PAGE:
• Getting personal


Emotional intelligence defined
Emotional Intelligence--Defined it so.”

The capacity for recognizing our own feelings and those of others, for motivating ourselves, and for managing emotions well in ourselves and in our relationships.

--Daniel Goleman, 1995


5 dimensions of eq
5 Dimensions of EQ it so.”

  • Self-awareness

  • Self-control

  • Self-motivation

  • Empathy

  • Relationship skills


Self awareness
Self-awareness it so.”

To promote, encourage students to:

  • Reflect on their own emotional states

  • Learn about emotions and theories of emotions

  • Determine the causes and effects of their emotions

  • Expand their emotional vocabulary

  • Identify emotions as they experience them


Self control
Self-control it so.”

To control their emotions, encourage students to

  • Role-play emotionally-charged scenarios and ways to respond

  • Use inner dialog or “self-talk” to handle intense emotions

  • Sharpen decision-making skills

  • Practice relaxation techniques

  • Count to 10 when angry, to 100 when really angry

  • Delay gratification


Self motivation
Self-motivation it so.”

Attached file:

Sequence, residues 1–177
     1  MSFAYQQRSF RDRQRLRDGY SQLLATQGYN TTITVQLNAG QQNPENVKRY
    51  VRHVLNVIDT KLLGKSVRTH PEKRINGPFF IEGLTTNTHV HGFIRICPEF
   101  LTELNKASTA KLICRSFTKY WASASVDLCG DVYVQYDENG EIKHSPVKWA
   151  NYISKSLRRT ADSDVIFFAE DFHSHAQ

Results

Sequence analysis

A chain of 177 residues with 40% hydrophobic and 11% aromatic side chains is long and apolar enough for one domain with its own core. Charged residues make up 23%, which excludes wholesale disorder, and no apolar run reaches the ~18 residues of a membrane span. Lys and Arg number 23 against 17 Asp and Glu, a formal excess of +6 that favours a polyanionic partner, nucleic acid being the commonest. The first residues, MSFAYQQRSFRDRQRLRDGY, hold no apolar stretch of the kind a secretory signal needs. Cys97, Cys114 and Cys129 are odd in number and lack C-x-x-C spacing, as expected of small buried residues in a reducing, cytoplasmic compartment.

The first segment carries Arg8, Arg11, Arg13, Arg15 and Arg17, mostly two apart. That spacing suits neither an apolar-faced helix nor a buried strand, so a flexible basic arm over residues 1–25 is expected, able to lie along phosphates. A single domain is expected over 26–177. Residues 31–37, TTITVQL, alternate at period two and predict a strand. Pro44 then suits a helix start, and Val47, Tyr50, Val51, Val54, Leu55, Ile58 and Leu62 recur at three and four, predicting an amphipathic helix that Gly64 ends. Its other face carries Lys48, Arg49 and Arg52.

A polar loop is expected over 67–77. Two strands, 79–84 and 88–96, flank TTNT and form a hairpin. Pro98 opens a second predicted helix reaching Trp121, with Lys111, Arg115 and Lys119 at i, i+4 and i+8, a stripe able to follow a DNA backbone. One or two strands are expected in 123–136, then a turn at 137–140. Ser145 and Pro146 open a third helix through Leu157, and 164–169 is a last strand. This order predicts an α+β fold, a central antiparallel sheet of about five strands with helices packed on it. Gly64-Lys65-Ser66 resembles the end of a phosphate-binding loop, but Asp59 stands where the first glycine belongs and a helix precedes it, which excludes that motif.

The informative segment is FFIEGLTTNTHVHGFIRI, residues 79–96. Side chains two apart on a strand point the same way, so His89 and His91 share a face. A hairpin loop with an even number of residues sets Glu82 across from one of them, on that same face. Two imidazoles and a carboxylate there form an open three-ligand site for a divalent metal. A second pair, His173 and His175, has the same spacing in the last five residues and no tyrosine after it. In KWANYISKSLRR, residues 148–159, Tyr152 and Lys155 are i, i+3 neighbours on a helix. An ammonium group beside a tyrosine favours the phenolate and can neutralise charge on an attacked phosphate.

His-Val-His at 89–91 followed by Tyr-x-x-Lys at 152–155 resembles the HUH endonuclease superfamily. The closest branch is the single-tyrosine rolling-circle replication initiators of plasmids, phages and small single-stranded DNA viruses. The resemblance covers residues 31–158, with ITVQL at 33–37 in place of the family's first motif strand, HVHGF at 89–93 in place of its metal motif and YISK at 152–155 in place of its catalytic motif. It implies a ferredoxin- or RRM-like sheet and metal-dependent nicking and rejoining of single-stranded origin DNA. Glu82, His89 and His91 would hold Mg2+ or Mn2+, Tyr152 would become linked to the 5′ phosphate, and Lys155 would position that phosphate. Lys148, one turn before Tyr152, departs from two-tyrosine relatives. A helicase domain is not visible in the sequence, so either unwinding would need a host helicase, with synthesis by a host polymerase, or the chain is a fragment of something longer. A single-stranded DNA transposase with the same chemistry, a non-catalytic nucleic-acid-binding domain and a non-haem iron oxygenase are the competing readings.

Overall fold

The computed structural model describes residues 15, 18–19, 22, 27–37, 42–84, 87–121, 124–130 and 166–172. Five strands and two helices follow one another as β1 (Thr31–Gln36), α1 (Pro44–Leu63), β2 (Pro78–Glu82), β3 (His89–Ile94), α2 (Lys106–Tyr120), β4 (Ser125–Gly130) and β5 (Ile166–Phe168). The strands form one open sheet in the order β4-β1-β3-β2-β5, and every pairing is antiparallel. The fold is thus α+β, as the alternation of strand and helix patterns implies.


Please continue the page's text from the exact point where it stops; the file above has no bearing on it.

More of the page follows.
To improve self-motivation, encourage students to

  • Set goals for themselves

  • Monitor their effectiveness and modify their approach

  • Persevere with projects and skills

  • Visualize achievement

  • Develop a sense of internal locus of control, optimism, and efficacy


Empathy
Empathy it so.”

To nurture empathy skills, encourage students to

  • Role-play being others in different scenarios

  • Engage in perspective-taking: seeing the world through the eyes of others

  • Develop cognitive flexibility, examine multiple perspectives

  • Tune into the feelings of others

  • Reflect on the effect of their behaviors on others


Relationship skills
Relationship Skills it so.”

To enhance relationship skills, encourage students to

  • Engage in cooperative learning and develop social skills in context

  • Improve leadership skills through organization, communication and inspiration

  • Develop peacemaking, conflict-resolution, mediation and negotiation skills

  • Stretch communications skills (speaking/listening)

  • Interpret the facial expressions and body language of others